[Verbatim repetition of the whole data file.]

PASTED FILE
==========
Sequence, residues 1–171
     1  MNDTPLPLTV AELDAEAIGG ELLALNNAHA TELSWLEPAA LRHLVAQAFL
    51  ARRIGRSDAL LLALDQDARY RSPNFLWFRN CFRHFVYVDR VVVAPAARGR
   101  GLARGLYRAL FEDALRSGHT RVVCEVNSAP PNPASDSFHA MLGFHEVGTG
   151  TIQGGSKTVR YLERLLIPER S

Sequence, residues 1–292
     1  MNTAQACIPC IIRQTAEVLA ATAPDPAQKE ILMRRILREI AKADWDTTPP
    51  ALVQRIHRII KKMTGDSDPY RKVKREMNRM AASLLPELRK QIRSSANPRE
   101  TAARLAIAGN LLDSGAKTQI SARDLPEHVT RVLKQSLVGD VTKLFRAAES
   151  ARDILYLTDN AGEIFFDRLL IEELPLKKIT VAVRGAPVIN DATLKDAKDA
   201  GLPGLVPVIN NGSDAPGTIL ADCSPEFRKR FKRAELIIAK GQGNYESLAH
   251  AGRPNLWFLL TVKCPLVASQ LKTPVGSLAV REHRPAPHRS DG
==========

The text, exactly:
Sequence, residues 1–171
     1  MNDTPLPLTV AELDAEAIGG ELLALNNAHA TELSWLEPAA LRHLVAQAFL
    51  ARRIGRSDAL LLALDQDARY RSPNFLWFRN CFRHFVYVDR VVVAPAARGR
   101  GLARGLYRAL FEDALRSGHT RVVCEVNSAP PNPASDSFHA MLGFHEVGTG
   151  TIQGGSKTVR YLERLLIPER S

Sequence, residues 1–292
     1  MNTAQACIPC IIRQTAEVLA ATAPDPAQKE ILMRRILREI AKADWDTTPP
    51  ALVQRIHRII KKMTGDSDPY RKVKREMNRM AASLLPELRK QIRSSANPRE
   101  TAARLAIAGN LLDSGAKTQI SARDLPEHVT RVLKQSLVGD VTKLFRAAES
   151  ARDILYLTDN AGEIFFDRLL IEELPLKKIT VAVRGAPVIN DATLKDAKDA
   201  GLPGLVPVIN NGSDAPGTIL ADCSPEFRKR FKRAELIIAK GQGNYESLAH
   251  AGRPNLWFLL TVKCPLVASQ LKTPVGSLAV REHRPAPHRS DG